Education

by Laurie Kimbrel, Ed.D.

On of the qualities of an excellent educator is the belief that every student can and must learn at high levels. High quality teachers also know that some students need more time or support in order to reach expected levels of proficiency and that it is their role to provide the learning experiences necessary to produce student growth. One of the biggest challenges of teaching is that in a typical classroom, the students have a wide range of abilities, interests, backgrounds and readiness for learning the content.

There are a multitude of techniques that excellent teachers use to ensure that they meet the needs of the wide variety of students in their classrooms. Here are just a few strategies for educators to consider as they develop plans to meet the diverse needs of their students. Of course, all of these strategies have a time and a place and are not appropriate on every occasion. Similarly, some of these strategies can require additional work on the part of the teacher and so they should be used as time permits.

Focus on Student Interests

Great teachers take the time to know their students both on both an academic and personal level. It’s important to understand a student’s interest beyond the classroom. What do they enjoy doing in their spare time? What motivates them outside of school? One of the most powerful ways to motivate students in the classroom is to incorporate their interests into what they learn. Determine methods and times to allow students to choose the topics that they want to talk about. When possible, incorporate their interests into the content or assignments. A focus on student interests can also be a powerful relationship builder. It matters to a student that the teacher has taken the time to understand their passions and interests.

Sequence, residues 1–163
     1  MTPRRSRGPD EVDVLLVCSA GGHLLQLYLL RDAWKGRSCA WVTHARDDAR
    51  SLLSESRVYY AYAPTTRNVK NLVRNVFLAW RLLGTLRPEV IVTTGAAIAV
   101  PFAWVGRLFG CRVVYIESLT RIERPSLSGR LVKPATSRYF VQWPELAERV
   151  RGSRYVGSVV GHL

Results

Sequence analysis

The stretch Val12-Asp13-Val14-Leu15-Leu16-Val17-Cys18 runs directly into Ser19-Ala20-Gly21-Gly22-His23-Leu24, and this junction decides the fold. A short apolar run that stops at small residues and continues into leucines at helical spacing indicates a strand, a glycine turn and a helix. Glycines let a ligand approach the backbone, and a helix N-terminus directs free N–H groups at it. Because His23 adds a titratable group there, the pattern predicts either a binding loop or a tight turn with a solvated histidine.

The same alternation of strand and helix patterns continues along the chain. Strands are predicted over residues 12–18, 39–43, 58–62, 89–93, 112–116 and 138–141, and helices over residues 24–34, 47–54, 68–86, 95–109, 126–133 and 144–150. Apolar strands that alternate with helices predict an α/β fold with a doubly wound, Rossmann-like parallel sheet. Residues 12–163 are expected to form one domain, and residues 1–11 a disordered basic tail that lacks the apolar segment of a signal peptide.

Increase Student Choice in Assignments and Assessments

Students can demonstrate an understanding of content in a number of ways. Many teachers successfully use student choice as a method to increase engagement and motivation. Consider offering a variety of options for an assignment. If the purpose of the assignment is understanding of a key concept, why not let some students write about it, allow others to present to the class or have a one on one conference with the teacher. If the learning goal includes written communication, offer choice in terms of the topic or area of research.